Originally published in 1948-49, The Humanoids is one of those books that it would be great to read if you didn’t know much science, but sixty years after publication feels dated and fanciful. In the distant future, mankind has mastered interstellar travel and colonized distant worlds. There has even been time for those worlds to fall into decay and then rebuild themselves, a hundred centuries in the future. At an observatory and military research post called Starmont on an unnamed world, a mysterious young girl appears, asking to speak with Dr Clay Forester, the project’s head. After some exposition revealing a tense situation between near interstellar neighbors, it is revealed that the real cause of the tension is the imminent arrival of… the Humanoids.
The Humanoids wish only to serve. Built a century before by a scientist called Mansfield, they have gradually spread through inhabited space, conquering human worlds with soft power. Upon completing a treaty with the world on which Starmont rests, their invasion force arrives. They quickly subsume all resistance in the majority of the population with “euphroide,” a powerful narcotic, “for the protection of man” (and woman), which renders people down to memoryless drooling imbeciles. A lucky few individuals are allowed to keep their minds, as the Humanoids judge them to be sufficiently happy without the drug. The Humanoids then disassemble and raze much of the world to the ground, and replace it with the gently-lighted, soft-cornered, unthreatening world of subjugated humanity.
Forester elects to attempt to fight, aligning himself with a small rag-tag band of misfits with various psychic powers. But he quickly finds that it is difficult to know who the real enemy is. As he suffers continual reversals in his battle to either destroy or, at least, damage, the command and control center of the Humanoids on planet Wing IV, Forester must in the end determine who his fight should really be against.
The language of the book is somewhat baffling. “Humanoid” would really be better written as “android” to be familiar to modern readers: they are centrally-controlled robots, operated from a distant world. As for the science, it falls down with “rhodomagnetics”, which is, late in the book, presented as one of a trio of natural forces, along with “electromagnetism” (the correct one), and “psychophysics” (the other nonsensical one). It is only by harnessing all three that Dr Forester has any hope of defeating the Humanoids and their human allies. Of course, it is all a nonsense, but a nonsense at the beginning of the atomic age, when so many new frontiers seemed possible, and when the frontiers of what we knew were regularly being thrust back further and further. Some of the hard science numbers are off as well – the Andromeda galaxy is 2.2 million light years away from the Milky Way, rather than one million light years, as stated in the book. Obviously, our numbers have gotten better, since the 1940s.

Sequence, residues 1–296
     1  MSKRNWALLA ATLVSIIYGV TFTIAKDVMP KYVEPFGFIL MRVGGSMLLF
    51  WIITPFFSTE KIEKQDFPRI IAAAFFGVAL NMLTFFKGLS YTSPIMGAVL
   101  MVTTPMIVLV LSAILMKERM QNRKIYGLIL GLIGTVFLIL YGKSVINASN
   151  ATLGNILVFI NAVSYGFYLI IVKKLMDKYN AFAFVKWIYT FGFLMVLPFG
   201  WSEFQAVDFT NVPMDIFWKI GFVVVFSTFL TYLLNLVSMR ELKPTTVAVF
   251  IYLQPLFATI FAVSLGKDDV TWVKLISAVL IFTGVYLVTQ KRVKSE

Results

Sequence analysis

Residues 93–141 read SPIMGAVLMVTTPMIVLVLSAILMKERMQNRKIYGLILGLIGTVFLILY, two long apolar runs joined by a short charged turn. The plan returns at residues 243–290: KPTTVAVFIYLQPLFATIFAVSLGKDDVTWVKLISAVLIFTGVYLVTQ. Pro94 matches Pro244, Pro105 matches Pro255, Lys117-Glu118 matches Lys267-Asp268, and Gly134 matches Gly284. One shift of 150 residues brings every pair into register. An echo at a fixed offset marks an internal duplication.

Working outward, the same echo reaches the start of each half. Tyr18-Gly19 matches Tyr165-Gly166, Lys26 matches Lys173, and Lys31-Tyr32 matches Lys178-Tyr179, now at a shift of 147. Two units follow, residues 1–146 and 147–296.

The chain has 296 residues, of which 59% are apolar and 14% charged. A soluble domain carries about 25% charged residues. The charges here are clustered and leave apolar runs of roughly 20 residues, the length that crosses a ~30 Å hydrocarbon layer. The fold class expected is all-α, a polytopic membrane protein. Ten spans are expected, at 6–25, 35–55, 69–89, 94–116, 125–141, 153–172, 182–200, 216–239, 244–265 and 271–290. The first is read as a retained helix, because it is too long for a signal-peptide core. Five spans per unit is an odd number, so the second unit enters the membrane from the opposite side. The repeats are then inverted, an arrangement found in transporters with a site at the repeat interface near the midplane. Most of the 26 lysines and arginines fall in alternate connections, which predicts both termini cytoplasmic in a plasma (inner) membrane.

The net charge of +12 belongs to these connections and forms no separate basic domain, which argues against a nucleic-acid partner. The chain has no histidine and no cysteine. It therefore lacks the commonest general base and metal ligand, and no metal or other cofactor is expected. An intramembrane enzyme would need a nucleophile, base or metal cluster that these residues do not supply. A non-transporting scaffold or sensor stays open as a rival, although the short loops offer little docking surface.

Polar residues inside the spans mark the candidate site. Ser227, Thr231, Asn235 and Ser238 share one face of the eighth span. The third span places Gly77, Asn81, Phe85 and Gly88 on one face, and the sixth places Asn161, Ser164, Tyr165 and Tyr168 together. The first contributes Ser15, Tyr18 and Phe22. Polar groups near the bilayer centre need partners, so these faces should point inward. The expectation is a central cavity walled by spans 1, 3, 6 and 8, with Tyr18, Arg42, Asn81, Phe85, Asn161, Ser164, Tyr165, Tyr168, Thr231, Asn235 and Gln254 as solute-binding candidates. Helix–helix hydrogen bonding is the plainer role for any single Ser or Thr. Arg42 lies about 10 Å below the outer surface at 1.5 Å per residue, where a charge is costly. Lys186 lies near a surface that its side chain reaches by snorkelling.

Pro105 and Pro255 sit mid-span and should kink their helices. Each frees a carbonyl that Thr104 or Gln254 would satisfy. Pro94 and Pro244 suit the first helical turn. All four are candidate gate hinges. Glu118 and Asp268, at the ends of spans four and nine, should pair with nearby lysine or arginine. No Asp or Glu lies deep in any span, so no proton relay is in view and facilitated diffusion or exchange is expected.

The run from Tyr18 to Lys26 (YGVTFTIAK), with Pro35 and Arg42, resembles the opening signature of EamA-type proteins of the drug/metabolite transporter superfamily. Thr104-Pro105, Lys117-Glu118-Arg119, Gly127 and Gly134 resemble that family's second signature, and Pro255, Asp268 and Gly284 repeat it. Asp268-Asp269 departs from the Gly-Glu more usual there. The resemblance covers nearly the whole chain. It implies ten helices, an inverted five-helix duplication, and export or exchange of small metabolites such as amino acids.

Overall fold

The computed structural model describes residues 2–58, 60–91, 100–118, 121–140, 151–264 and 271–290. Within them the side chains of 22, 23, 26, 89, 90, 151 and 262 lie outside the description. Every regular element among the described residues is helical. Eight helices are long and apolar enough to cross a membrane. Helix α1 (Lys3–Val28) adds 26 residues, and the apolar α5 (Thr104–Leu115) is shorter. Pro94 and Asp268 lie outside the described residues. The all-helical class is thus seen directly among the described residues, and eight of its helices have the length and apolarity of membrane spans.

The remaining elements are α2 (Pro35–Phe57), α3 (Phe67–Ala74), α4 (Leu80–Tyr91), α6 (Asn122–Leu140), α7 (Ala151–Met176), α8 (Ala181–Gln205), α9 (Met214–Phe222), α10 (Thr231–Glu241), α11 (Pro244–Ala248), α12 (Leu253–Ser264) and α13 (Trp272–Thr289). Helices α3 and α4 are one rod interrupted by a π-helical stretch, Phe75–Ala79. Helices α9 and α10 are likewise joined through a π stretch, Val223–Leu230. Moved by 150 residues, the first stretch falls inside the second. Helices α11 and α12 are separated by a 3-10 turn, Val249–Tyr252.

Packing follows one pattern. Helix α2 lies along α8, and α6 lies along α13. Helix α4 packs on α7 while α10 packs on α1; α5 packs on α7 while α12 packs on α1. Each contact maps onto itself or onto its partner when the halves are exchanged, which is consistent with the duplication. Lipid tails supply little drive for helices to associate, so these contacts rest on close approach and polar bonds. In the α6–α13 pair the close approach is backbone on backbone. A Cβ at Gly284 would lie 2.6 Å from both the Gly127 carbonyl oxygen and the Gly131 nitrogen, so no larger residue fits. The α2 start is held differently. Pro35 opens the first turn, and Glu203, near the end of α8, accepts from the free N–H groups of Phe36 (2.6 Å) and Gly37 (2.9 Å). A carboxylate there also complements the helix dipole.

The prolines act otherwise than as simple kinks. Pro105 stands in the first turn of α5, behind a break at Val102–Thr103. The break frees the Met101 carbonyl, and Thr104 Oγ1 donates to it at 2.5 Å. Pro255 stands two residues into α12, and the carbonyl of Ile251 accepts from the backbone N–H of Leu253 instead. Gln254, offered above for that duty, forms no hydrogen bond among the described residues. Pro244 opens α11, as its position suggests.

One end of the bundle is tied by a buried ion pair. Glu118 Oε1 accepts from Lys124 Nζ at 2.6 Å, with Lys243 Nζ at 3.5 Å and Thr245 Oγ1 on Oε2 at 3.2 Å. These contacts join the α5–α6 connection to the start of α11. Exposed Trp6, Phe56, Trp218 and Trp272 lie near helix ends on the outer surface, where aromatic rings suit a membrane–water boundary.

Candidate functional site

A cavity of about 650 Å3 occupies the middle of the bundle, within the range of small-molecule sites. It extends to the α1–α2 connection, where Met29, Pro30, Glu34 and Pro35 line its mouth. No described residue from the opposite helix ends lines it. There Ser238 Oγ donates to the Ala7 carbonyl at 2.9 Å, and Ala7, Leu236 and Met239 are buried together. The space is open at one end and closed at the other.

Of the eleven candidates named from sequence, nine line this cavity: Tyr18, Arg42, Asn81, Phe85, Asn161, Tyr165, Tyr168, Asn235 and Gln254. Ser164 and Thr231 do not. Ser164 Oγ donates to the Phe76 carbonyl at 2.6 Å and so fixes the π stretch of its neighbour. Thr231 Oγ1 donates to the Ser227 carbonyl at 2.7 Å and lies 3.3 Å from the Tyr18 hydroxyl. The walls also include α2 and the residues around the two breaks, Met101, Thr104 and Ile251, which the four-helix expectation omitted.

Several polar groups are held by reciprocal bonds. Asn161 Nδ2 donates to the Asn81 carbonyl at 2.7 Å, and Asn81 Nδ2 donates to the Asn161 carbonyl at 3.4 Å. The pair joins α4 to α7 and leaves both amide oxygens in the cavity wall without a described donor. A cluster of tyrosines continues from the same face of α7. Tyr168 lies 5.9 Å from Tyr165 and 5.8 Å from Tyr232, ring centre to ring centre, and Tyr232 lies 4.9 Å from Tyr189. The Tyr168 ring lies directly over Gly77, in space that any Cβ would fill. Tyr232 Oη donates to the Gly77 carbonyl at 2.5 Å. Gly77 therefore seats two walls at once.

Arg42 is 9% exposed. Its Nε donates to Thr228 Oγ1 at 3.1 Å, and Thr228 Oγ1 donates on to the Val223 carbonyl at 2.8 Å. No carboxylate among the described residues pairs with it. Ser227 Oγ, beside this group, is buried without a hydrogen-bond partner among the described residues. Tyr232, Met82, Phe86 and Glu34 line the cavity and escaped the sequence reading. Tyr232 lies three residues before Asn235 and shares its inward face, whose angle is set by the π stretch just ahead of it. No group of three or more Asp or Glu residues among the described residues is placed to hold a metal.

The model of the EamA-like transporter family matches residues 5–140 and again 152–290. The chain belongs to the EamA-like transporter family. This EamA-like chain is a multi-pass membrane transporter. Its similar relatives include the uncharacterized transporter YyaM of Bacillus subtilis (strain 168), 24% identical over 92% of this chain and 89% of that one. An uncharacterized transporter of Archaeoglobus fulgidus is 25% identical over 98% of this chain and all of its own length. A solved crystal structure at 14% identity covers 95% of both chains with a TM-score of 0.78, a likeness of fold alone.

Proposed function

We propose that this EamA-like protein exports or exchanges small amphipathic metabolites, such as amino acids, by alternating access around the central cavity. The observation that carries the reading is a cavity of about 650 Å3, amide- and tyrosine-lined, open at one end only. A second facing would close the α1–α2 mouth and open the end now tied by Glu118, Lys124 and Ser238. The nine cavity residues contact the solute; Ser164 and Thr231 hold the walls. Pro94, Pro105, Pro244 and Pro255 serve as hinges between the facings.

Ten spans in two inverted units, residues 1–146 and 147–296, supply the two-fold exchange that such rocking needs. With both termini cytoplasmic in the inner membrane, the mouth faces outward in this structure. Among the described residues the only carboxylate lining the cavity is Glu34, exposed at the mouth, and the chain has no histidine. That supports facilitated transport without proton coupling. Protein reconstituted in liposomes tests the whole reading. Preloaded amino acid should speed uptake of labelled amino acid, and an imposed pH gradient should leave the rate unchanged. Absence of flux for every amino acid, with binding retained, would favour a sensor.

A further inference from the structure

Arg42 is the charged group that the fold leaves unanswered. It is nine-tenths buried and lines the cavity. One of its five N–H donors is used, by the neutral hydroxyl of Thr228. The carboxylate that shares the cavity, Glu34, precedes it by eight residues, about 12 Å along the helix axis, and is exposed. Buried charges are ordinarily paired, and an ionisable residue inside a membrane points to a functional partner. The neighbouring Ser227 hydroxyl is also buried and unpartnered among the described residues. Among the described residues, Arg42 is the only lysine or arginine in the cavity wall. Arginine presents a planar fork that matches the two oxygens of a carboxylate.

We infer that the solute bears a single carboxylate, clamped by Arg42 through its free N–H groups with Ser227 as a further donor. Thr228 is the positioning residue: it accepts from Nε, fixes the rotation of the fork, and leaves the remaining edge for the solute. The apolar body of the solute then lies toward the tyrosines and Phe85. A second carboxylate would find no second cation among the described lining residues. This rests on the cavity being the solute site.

In many ways, this book draws some terrifying parallels with the real world. Although it would be too easy and too glib to compare the Humanoids to Nazis, there are certainly echoes of the advances of the Wehrmacht during the Second World War (although there the similarity ends). What is more terrifying, particularly to the imagination, is the sudden deprivation of freewill brought by the Humanoids, solely on the basis of their determination of one’s “unhappiness.” Any naturally unhappy, melancholic person (such as myself) finds this unthinkable. But while the horror is not overt, it is archetypal, and seems to find its echo in many of the science fiction tales that were to follow in the 20th century, particularly the paranoia of the worlds of Philip K. Dick, films like Logan’s Run and Soylent Green, and even television efforts like V, in the 1980s (which according to one account I’ve read began life as a television adaptation of Williamson’s book). It is almost surprising to find by the end of the book that no one is going to be eaten. Yet.
The ambiguity of the ending is troubling: has Forester lost, or have the Humanoids won? (and I phrase the question that way deliberately). I still can’t quite answer. It makes me interested, with some trepidation, to read the sequel book just to see what Williamson decided to make of this little world, as soon as I find my copy of the sequel.
Frustrating for the science (instantaneous teleportation across light years, power beamed the same distances, but without any reference to time, psychic mumbo-jumbo), but gets a positive mark for multiple instances of slide rule use (I love slide rules). Three and a half stars.
Originally reviewed 4 July 2015.
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